Nigel Gilkison, Timaru CBD group chairman, is preparing for a big crowd at a public meeting at Caroline Bay Hall to discuss a proposed “big box” retail development in the town. (File)
A public meeting is expected to ramp up debate on a proposed “big box” retail centre development at Showgrounds Hill in Timaru.
The interest in Thursday’s meeting, organised by the Timaru CBD Group, is such that it has been moved from the Caroline Bay community lounge to the larger Caroline Bay Hall.
Headlining the presentations is former Tindall Foundation manager Warren Snow along with South Canterbury Chamber of Commerce chief executive Wendy Smith, developer Shaun Stockman, CBD Group chairman Nigel Gilkison and Timaru District mayor Nigel Bowen. There will also be a question and answer section for the public.
Auckland-based developer Redwood QT is proposing to turn the site alongside State Highway 1 into a 34,000 square metre “retail centre” which has resulted in several members of the CBD Group saying it will suck the life out of the current central business district.
Action Sports Timaru owner Ferg Hazlett, who has been in business in the CBD since 1984, said it would be the “death knell of the CBD”.
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“I’m not against big box development as such, but what they’re proposing at Showgrounds Hill is not just big box but also smaller retail,” Hazlett said.
“Timaru simply isn’t big enough to have two retail centres, and they’re already putting a lot of pressure on CBD owners through the need for us to earthquake strengthen.
“But this sort of thing is not just happening in Timaru, it’s happening in other city centres too.”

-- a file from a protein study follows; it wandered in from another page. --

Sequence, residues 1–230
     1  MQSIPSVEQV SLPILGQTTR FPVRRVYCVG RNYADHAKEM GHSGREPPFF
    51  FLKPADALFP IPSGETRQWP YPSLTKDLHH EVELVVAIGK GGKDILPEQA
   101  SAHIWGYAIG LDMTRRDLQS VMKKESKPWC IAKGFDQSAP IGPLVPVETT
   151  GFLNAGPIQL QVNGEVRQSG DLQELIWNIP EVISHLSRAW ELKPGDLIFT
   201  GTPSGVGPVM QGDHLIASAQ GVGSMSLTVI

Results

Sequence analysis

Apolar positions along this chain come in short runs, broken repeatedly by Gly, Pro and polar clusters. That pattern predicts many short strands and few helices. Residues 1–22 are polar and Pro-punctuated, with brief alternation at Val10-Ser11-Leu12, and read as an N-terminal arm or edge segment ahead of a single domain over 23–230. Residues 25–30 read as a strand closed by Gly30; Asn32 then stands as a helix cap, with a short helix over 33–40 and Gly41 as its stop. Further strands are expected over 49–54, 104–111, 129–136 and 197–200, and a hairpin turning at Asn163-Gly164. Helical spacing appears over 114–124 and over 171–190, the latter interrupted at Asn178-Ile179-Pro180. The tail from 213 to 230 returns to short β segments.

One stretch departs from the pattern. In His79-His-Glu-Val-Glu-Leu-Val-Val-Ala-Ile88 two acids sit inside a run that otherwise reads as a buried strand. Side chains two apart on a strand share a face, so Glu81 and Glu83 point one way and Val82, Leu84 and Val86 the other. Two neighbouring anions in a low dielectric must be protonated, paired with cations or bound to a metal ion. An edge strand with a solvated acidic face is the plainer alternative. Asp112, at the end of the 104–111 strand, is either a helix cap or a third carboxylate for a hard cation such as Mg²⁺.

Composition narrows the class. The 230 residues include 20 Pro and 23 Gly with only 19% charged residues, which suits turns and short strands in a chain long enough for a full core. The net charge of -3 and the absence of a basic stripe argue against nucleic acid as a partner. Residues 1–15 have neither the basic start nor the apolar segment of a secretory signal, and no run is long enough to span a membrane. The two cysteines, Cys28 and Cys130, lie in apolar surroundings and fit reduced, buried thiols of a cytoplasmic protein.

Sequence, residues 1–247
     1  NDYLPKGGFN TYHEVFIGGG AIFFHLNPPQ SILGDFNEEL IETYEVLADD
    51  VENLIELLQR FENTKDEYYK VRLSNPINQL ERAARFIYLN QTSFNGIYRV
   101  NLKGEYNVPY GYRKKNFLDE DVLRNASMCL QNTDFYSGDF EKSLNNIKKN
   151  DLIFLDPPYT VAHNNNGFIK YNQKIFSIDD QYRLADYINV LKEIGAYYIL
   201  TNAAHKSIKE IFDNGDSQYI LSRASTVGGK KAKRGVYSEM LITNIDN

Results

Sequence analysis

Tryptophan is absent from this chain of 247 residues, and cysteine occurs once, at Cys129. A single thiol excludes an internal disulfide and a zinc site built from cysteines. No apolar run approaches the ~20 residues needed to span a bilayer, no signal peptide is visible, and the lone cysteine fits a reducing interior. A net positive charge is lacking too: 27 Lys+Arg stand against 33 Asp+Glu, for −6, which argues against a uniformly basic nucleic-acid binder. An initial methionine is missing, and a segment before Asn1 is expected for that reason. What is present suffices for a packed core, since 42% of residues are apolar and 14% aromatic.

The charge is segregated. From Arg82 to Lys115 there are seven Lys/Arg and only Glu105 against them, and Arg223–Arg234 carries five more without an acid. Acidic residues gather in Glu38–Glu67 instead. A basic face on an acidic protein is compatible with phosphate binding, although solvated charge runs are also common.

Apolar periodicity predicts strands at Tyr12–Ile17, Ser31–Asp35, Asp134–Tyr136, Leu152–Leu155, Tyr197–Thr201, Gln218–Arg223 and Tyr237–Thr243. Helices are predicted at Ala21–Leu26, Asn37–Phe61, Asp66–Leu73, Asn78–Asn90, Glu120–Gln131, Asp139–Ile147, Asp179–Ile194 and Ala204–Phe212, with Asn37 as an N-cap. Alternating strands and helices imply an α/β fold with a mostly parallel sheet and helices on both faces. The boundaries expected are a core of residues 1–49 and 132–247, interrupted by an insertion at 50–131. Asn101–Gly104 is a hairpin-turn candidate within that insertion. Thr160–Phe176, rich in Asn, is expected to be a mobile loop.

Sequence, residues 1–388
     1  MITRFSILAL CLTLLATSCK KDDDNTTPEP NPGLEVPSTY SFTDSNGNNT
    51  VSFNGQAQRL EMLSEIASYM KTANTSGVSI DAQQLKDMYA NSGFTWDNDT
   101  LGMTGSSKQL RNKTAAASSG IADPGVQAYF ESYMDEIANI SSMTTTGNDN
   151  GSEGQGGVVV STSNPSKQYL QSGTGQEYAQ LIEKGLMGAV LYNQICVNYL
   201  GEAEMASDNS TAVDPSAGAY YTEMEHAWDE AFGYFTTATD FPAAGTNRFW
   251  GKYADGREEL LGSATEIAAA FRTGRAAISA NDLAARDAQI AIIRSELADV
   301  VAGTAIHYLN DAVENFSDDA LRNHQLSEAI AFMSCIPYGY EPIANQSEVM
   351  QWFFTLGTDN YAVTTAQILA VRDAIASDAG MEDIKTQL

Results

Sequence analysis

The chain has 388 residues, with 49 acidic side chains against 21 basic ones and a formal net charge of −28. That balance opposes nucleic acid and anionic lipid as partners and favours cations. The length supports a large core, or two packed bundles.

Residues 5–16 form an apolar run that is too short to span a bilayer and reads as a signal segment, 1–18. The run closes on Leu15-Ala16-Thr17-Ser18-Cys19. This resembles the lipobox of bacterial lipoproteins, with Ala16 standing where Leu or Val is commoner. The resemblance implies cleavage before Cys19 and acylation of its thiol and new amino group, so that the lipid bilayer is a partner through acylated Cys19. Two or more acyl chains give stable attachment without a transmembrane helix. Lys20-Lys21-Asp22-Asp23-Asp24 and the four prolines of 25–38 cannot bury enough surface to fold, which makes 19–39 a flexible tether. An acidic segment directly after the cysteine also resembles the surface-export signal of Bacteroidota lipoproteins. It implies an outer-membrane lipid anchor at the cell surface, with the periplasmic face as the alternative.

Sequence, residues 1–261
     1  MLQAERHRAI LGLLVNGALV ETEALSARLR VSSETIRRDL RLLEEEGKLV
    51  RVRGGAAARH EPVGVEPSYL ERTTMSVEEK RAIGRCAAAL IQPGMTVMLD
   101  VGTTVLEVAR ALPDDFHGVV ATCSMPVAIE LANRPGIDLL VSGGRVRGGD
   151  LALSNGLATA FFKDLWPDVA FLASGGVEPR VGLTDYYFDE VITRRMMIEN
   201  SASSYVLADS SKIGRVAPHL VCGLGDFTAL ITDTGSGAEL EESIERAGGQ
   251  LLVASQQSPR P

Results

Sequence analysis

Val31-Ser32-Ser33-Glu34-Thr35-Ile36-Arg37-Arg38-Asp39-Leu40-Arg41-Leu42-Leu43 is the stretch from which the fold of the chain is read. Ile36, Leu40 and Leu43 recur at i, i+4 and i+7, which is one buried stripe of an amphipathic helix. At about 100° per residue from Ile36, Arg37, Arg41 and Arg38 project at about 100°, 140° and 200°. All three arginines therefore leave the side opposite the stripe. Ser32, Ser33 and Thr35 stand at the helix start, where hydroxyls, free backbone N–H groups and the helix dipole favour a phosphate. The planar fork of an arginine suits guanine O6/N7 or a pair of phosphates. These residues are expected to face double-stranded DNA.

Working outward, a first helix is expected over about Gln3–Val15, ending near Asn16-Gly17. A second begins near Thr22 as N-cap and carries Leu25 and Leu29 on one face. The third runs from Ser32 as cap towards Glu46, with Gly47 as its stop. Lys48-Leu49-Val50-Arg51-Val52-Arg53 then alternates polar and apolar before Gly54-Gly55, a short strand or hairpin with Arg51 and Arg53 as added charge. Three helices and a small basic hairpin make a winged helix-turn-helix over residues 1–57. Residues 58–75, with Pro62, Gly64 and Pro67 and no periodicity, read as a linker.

Stuff has earlier published similar concerns from other longstanding Stafford St businessmen Grant Shaw, of Mac Shaw Menswear and Stephen Brown of Ron Brown Jewellers.
A decision is yet to be made on whether the project’s consents application will be publicly notified with the decision resting with an independent hearings commissioner.
Gilkison said “at the very least”, the consents should go out for public consultation.
“If it goes out for submissions, and more people submit on it, then that’s just democracy, but so far we are yet to have that debate out in the public,” he said.
The CBD Group has also launched a petition in several businesses urging the council, and its independent holdings company Timaru District Holdings Ltd (TDHL) to stop any development at the site.
Since he started collecting signatures for the petition late last week, Hazlett reckoned they had received “at least 100” from his store alone.
Gilkison said they decided to do a “paper only” petition, as this was a “very local” issue, and they wanted something they could physically hand into the council.
“Regardless, this is all about gathering support. It’s too early to say how many signatures we have received,” he said.
TDHL is still in negotiation with Redwood QT over the conditions of the property’s sale, which the holdings company purchased in April 2017.
“While it’s still in negotiation, then it’s still public land, and therefore it should be up for public debate,” Gilkison said.
He said it was expected that Thursday’s meeting will fill the Caroline Bay Hall to its allowed capacity under Level 2, which is two groups of 100 people.
“We’ll have all the right social distancing measures in place, and we’ll be streaming it online for those who can’t make it,” Gilkison said.